Things to Consider when Choosing a Dog Breed

So, you’re looking into the possibility of getting a new fur baby. Congrats!! Picking out a new family member is exciting, but you want to make sure you pick out the best fit for your pack. Whether you’re looking to adopt or use a breeder, knowing which breeds will be compatible with your lifestyle is essential. While it may be tempting to spring for the first cute puppy you see (and let’s be honest, they’re all adorable), it’s best to take the time to do some research to make sure that you can give your new pup the life it deserves. Here are the top five factors to consider when picking out a pup.

1. Size

Right off the bat, you need to know how big your puppy is expected to get. The amount of space you have in your home should be a significant consideration for what kind of dog you get.

So, you have an apartment or a house? Would the dog be able to go everywhere in the house? Do you have a backyard or a terrace, or is there a dog park nearby? How many people and pets are already in your home?

The size of your dog can also influence its potential health problems. For example, larger breeds often face issues with physical ailments such as torn ACLs or hip problems, while smaller breeds are more prone to physical accidents

Chewing is a natural behavior for dogs, and it can be difficult to break them out of the habit. However, it’s important to train your dog to stop chewing over the house for several reasons. First, chewing can be dangerous for dogs. They can choke on small objects or ingest toxic materials. Second, chewing can damage your belongings.

A single pair of chewed-up shoes can cost hundreds of dollars to replace. Finally, chewing can be frustrating for owners who have to constantly clean up after their dogs. With a little patience and training, you can help your dog learn to stop chewing over the house.

2. Schedule

Another important consideration is the amount of time you’ll have to dedicate to your new pup. Your pet will need a significant amount of attention, but some breeds are more self-sufficient than others.

Do you have the time to train a puppy yourself or the resources to send your puppy to boarding training? Would it be more conducive to your lifestyle to adopt an adult or senior pup who doesn’t need as much training or attention as a puppy?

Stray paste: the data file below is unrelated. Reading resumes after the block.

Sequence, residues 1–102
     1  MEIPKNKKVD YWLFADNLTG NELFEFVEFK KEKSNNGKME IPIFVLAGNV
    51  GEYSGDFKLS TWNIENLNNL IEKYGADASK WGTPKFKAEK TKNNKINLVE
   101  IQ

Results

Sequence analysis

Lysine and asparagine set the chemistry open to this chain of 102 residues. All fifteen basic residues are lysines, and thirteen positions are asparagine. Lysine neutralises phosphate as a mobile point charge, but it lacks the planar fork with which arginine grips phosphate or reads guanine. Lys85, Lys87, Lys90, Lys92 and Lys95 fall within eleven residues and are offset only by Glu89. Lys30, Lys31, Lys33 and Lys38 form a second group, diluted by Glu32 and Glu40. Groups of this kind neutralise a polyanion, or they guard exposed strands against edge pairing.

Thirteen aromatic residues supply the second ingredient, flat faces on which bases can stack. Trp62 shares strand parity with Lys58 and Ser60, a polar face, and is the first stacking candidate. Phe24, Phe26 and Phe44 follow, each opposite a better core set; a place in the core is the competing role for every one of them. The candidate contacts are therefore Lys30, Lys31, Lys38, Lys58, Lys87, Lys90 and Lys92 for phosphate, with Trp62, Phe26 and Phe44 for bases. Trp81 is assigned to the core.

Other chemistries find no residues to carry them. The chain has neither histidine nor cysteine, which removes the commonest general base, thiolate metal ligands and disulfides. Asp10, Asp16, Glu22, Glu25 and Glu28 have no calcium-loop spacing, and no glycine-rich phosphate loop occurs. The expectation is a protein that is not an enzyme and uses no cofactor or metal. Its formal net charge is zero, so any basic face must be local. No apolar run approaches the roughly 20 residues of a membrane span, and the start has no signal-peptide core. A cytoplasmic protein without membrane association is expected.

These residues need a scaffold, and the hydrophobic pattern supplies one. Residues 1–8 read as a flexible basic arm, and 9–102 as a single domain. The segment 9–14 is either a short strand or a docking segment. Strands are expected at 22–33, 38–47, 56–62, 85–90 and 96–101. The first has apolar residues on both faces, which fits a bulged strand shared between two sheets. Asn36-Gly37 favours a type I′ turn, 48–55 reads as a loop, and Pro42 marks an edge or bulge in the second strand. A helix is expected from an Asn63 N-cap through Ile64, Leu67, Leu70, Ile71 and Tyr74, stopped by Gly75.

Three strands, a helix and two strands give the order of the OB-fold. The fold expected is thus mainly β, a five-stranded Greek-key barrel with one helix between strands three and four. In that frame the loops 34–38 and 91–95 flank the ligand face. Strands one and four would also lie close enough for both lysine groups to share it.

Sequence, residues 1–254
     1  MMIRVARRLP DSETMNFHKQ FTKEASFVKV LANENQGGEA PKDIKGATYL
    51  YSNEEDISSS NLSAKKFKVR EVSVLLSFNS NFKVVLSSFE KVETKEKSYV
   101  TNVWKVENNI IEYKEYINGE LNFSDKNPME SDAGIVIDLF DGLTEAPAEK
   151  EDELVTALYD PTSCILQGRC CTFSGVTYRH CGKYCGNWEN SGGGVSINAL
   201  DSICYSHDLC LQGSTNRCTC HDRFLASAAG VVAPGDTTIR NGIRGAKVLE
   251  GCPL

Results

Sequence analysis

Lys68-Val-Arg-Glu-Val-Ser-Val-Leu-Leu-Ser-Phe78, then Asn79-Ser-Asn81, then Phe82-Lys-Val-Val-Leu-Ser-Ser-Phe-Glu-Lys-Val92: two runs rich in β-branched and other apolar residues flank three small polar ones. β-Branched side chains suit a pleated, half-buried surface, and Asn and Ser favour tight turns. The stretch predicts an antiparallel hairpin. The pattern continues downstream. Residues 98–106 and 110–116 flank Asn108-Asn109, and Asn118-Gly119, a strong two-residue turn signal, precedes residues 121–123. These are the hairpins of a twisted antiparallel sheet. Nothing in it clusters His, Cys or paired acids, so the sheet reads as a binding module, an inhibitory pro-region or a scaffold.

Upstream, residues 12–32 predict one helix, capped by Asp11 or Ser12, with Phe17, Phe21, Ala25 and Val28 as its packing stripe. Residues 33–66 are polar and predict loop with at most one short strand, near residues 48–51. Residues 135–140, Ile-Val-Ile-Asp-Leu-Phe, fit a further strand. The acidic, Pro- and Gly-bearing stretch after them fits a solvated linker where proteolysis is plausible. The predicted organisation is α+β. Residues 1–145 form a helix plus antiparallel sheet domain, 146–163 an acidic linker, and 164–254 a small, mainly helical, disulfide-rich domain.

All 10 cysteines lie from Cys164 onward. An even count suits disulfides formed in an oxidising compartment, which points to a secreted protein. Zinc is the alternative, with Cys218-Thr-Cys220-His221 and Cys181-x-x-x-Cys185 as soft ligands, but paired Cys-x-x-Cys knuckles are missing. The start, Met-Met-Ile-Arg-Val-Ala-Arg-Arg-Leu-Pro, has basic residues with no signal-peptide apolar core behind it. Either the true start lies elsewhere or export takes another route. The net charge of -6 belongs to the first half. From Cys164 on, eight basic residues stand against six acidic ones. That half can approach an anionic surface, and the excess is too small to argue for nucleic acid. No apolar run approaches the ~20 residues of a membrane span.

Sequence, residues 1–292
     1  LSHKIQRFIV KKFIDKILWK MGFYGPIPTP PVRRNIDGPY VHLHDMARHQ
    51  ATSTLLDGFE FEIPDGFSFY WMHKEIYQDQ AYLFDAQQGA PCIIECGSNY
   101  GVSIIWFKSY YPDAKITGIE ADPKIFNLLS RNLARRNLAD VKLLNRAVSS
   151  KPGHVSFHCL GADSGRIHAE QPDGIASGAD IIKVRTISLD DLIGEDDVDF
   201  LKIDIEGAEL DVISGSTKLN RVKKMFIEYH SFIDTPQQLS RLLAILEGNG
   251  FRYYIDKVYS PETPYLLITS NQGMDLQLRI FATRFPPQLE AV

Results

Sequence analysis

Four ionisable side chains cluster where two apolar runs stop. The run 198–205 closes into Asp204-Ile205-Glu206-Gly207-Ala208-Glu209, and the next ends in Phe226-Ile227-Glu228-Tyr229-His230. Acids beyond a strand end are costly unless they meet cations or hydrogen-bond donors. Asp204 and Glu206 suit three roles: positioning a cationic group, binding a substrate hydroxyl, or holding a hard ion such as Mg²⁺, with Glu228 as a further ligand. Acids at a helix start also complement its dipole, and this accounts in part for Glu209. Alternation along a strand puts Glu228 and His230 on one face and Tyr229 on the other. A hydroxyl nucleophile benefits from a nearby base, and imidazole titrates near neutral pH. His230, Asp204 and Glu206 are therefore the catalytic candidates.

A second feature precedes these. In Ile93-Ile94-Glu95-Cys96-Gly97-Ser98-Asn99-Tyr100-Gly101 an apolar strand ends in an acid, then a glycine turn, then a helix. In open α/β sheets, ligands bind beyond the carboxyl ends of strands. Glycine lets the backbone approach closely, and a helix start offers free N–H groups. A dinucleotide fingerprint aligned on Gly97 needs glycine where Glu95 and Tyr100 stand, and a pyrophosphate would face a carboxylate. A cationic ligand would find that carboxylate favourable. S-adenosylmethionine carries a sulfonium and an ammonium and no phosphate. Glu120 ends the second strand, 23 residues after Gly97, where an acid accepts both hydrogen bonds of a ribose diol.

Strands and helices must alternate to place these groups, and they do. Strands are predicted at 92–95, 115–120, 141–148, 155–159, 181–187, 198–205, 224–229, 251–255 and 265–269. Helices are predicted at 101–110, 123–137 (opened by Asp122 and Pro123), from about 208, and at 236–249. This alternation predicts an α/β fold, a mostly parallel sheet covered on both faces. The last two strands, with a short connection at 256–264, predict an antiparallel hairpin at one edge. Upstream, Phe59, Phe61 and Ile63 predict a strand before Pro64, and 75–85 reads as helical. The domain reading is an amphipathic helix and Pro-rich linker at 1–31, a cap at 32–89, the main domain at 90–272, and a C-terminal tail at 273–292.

Additionally, you’ll need to look into how energetic specific breeds are. Would you be able to play with your pup until they’re tuckered out? Can you take them on long walks? Do you have a job that would enable you to visit your dog throughout the day to help them burn off energy, or do you need a dog that can handle being on its own throughout the day?

3. Activity Level

Going hand in hand with your schedule, you need to evaluate a breed’s typical activity level. An energetic dog can exhaust a low-energy owner, while a low-energy dog can frustrate an active owner.

Are you always on the go? Do you lead an active lifestyle? Are you always trying to spend time outside by hiking, camping, or running, or are you looking for a dog who would be perfectly happy to follow a short walk with hours of cuddling on the couch? If you don’t have a backyard, can you commit to taking your dog to a dog park so they can run around with other pups?

Look at dogs whose needs are similar to yours rather.

4. Breed Traits

The AKC identifies seven dog breed groups, and each group is crafted based on the breeds’ shared traits. (Except for the non-sporting group, which is the catch-all for the breeds who don’t fit into another category. But we still love them all.) You can use the breed groups to help narrow down your selection. Additionally, it’s beneficial to consider the individual traits of each breed. For instance, if you’re allergic to animal dander, you can look for breeds that shed less or are hypoallergenic. If you’re attached to a specific purebred dog, you’ll need to research some of the common health issues for dogs of that breed. For example, purebred pugs and bulldogs have small naval cavities that make breathing difficult for them when they get overheated.

5. History

If you’re buying from a breeder, you’ll likely be able to track a puppy’s lineage.

But if you’re adopting from a shelter, you might have difficulty tracking what your pup has been through. Dogs that were abandoned or abused may have specific triggers or unusual personality traits. The more information you have about a dog’s past, the more you’ll be able to help them transition to their new life.

But just because a dog has a bad history doesn’t mean that they aren’t the perfect fit for your family. It simply means you’ll have to work to turn that pup’s life around.

Once you’ve selected your new four-legged family member, you can bring them to our team of talented trainers at Ruffgers University to get them ready for their new home.